Some very familiar faces will vie for your support come November when municipal elections are held to vote in your next council.
Of the eight sitting councillors in Saanich, all but three have outright confirmed they will run for re-election. Councillors Wayne Hunter, Vic Derman and Lief Wergeland all say they will make that decision in the summer.
“One never says for sure because you have to wait and see what happens with family and in life, but it would be my intent,” said Derman, a three-term councillor.
Many of his colleagues, however, have said they’re already planning to hit the campaign trail.
Judy Brownoff, Susan Brice, Paul Gerrard, Dean Murdock and Vicki Sanders all say they will seek another term as councillor.
“I have far too many things left that I want to do,” Brownoff, a councillor since 1993, said, citing the Shelbourne Corridor Action Plan, pedestrian safety, light rail and sustainability issues as outstanding issues.
Hunter, a two-term Saanich councillor and former Central Saanich mayor, was a little more cryptic about the November election.
“I definitely will be running in a contest of some nature,” said Hunter, who has a daughter going in to Grade 1. A former school teacher and principal, Hunter could run in school board trustee elections, which are held at the same time as municipal elections.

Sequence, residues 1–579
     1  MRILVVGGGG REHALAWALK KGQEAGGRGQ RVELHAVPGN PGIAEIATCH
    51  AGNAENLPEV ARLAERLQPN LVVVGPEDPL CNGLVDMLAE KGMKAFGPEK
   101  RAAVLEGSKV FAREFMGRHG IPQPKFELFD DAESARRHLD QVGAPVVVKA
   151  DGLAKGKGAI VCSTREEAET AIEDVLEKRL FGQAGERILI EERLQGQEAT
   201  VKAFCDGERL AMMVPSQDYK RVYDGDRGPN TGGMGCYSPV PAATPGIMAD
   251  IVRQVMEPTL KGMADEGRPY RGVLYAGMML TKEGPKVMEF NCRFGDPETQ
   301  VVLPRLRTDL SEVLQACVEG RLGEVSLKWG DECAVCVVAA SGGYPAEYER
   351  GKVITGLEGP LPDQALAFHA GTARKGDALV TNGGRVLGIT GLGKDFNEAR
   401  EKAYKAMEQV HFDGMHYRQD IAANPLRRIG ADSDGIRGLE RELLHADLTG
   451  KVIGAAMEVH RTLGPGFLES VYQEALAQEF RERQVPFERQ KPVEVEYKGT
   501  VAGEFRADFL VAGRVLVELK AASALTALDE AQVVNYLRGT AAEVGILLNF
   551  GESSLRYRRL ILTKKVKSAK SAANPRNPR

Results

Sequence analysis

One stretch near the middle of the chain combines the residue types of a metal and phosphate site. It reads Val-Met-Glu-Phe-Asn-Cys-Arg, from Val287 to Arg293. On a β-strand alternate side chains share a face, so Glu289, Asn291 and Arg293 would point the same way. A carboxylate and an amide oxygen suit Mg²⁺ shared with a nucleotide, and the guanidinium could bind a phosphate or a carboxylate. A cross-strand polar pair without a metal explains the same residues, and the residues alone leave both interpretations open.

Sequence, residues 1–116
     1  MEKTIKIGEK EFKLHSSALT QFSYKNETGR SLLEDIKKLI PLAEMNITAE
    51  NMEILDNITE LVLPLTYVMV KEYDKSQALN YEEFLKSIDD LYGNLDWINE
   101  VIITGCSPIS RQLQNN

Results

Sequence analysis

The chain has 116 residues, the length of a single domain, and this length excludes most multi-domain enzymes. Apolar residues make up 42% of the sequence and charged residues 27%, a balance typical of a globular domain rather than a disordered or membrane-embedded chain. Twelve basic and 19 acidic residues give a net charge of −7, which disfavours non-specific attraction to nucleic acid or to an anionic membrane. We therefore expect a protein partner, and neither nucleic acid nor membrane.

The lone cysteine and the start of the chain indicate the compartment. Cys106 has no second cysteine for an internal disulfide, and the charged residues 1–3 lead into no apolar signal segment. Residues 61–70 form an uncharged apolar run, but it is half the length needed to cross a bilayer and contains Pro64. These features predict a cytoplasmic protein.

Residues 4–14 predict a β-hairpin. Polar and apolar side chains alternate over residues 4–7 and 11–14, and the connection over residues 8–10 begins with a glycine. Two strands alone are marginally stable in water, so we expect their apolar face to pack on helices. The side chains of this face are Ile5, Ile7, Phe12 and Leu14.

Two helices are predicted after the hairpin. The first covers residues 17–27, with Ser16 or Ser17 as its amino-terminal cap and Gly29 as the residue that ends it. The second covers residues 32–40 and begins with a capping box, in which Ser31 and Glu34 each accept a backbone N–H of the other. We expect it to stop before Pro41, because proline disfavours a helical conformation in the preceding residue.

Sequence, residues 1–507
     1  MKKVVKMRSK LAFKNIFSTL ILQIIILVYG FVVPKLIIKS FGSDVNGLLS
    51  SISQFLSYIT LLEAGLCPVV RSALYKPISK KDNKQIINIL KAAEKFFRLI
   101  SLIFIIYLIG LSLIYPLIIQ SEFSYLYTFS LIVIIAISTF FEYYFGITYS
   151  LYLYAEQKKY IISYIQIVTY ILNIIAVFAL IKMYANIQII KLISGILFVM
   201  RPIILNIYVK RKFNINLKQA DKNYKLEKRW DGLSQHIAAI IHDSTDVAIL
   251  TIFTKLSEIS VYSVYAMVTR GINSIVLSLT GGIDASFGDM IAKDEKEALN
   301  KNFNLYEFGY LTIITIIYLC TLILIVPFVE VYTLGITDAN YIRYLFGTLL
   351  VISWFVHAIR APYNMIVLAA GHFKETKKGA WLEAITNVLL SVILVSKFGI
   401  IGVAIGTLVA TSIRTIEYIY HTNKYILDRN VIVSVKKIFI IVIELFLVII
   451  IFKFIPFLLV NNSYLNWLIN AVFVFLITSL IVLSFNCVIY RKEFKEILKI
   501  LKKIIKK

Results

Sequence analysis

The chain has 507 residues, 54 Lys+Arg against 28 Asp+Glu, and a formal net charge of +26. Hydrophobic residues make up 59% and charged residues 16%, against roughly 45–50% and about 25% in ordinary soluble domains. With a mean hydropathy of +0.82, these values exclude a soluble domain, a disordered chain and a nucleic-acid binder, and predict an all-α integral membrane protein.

Brice, formerly the mayor of Oak Bay, has sat on Saanich council since 2005 and says there are “works in progress” that need to be tackled, namely transportation planning.
“I feel we’re on the right track, but would like to continue working on that and using whatever experience and contribution I can make to shape it,” she said.
Murdock says he’s running because a lot of the issues he was interested in when he ran in 2008 remain important, including climate change, sustainability and rapid transit.
The first-time councillor says it’s been a great experience seeing successes that he’s had a hand in.
The only other one-termer, Gerrard, says his focus will remain on land use and transportation issues, as well as pedestrian and cycling infrastructure and support for art and culture funding, particularly the libraries.
Wergeland, a councillor for five terms, said he has a good idea what he plans to do, but will wait until July or August to make a more concrete decision.
Sanders, first elected in 2005, will run again because “it is my passion,” she said.
“I like to assist people. I like to be that voice for what the community wants, and I want to be part of the vision of what Saanich would like to be in the future.”
Municipal elections will be held province-wide Nov. 19.